Public reporting of PCI outcomes affects cardiologists’ decision-making

JAMA Cardiology tackled the issue of publicly reporting percutaneous coronary intervention (PCI) outcomes in its latest issue, publishing three pieces on the topic.

The most comprehensive paper of the three—a special communication by corresponding author Deepak L. Bhatt, MD, MPH, and colleagues—contended interventional cardiologists feel pressured to avoid PCIs in high-risk patients for fear of public shaming. What’s more, the mortality rates assessed might not be the best way to measure quality of care, they wrote, and patients are unlikely to view this information anyway.

Taken together, this suggests that the added transparency is actually of little benefit to patients, but the cautious behavior by physicians wary of public reporting may lead to patient harm.

“In general, the likelihood of receiving PCI for AMI (acute myocardial infarction) has been shown to be lower in states with reporting programs compared with states without,” Bhatt and colleagues wrote. “These patterns would be desirable if they definitively reflected a reduction in inappropriate or futile cases, but lower rates of PCI in states with reporting programs have been most pronounced among patients—such as those with AMI complicated by cardiogenic shock—who may stand to gain the most from intervention.”

Indeed, in a separately published brief report, lead author Daniel M. Blumenthal, MD, MBA, and colleagues found a majority of physicians change their decision-making as a result of public reporting. Analyzing survey responses from 149 physicians from Massachusetts and New York—two of the five states with mandatory reporting—the researchers concluded 65 percent of interventional cardiologists have avoided PCI on at least two occasions out of concern for how it would impact their publicly reported outcomes. In addition, 59 percent reported being sometimes or often pressured by colleagues to avoid PCI due to a patient’s death risk.

“This suggests that PCI avoidance is not concentrated among a few risk-averse interventionalists,” wrote Blumenthal and colleagues, adding that more experienced cardiologists were less likely to avoid PCIs.

“While we did not quantify rates of PCI avoidance among clinicians who acknowledged avoiding PCIs, any avoidance of an indicated procedure is concerning. Modifying public reporting systems to include all patients experiencing acute myocardial infarction, as opposed to patients undergoing PCIs alone, is a promising approach for further reducing risk-averse use of PCIs.”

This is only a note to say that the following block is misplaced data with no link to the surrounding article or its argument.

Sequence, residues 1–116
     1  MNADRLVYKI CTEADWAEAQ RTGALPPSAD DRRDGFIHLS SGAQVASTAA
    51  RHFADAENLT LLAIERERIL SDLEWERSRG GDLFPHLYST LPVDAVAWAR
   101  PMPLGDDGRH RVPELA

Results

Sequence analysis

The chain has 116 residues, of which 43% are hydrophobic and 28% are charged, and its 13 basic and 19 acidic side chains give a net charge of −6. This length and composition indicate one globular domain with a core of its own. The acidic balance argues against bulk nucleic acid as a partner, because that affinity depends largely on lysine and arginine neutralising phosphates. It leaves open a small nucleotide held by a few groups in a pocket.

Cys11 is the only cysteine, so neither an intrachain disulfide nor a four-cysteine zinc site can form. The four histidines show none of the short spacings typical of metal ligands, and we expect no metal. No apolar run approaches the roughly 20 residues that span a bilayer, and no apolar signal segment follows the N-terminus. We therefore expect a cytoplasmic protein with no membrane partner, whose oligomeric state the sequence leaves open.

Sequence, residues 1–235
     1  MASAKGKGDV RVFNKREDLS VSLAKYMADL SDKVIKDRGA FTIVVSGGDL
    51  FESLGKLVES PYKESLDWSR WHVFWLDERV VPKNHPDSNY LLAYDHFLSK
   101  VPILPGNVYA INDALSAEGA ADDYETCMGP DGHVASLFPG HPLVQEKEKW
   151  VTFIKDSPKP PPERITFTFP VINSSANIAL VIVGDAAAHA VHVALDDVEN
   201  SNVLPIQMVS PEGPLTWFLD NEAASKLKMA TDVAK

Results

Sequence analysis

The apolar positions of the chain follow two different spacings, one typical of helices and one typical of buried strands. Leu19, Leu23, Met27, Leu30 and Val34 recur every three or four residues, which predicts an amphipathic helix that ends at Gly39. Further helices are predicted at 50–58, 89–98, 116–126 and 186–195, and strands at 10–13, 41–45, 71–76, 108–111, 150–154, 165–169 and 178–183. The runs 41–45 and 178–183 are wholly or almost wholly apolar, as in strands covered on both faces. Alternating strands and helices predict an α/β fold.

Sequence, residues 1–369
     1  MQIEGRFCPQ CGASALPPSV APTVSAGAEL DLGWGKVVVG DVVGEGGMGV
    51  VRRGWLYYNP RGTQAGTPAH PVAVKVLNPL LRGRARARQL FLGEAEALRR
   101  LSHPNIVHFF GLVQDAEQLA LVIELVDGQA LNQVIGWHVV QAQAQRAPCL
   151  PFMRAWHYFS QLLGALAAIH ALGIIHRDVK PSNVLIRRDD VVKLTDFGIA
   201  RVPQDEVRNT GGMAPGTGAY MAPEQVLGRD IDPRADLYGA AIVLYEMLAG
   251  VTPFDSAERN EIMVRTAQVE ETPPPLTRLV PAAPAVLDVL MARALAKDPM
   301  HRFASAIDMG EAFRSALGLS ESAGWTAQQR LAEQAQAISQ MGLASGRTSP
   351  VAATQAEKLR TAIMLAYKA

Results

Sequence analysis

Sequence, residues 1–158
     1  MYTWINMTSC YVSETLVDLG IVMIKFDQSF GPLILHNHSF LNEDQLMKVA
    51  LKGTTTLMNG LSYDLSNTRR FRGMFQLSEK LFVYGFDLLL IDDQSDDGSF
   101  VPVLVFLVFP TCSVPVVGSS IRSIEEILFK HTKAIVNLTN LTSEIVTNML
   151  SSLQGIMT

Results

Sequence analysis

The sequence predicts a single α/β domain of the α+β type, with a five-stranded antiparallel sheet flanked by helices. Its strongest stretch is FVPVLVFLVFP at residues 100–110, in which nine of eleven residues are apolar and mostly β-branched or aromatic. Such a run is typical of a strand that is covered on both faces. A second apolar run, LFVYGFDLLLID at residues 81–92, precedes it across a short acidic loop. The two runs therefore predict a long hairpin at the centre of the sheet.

Bhatt et al. said publicly reporting time to PCI or time to aspirin administration may be a better measurement of care, and improving those processes would likely lead to lower PCI mortality. They added that for non-urgent PCIs, patient-reported quality of life outcomes may be the most useful for other patients considering an elective procedure. Publicly reporting any of these results could be more informative to the patient and better contextualize the level of care provided than raw mortality rates, the authors noted.

Bhatt et al. suggested sharing outcomes between institutions, away from the public limelight, may also have the desired benefits of reporting initiatives without the drawbacks affecting patient care.

“A formal system of sharing outcome information among physicians and institutions within a state would promote accountability and enable peer-reviewed analyses and coaching to improve care quality,” the authors wrote. “In addition, given that fear of public shame is likely what drives physicians to alter their clinical decision making … completely removing the ‘public’ element of reporting might help address these behaviors.”

But William B. Borden, MD, with George Washington University, said an invited commentary public reporting in some fashion is here to stay. It’s simply what consumers demand today.

“The clear and strong societal trend is toward the public demanding more information and greater transparency,” he wrote. “Empowering individuals with knowledge is a good thing. That knowledge must be as accurate as possible and presented with proper context so that patients can make appropriate informed decisions, and physicians and hospitals can adapt care delivery to improve health outcomes and equity, rather than the converse.”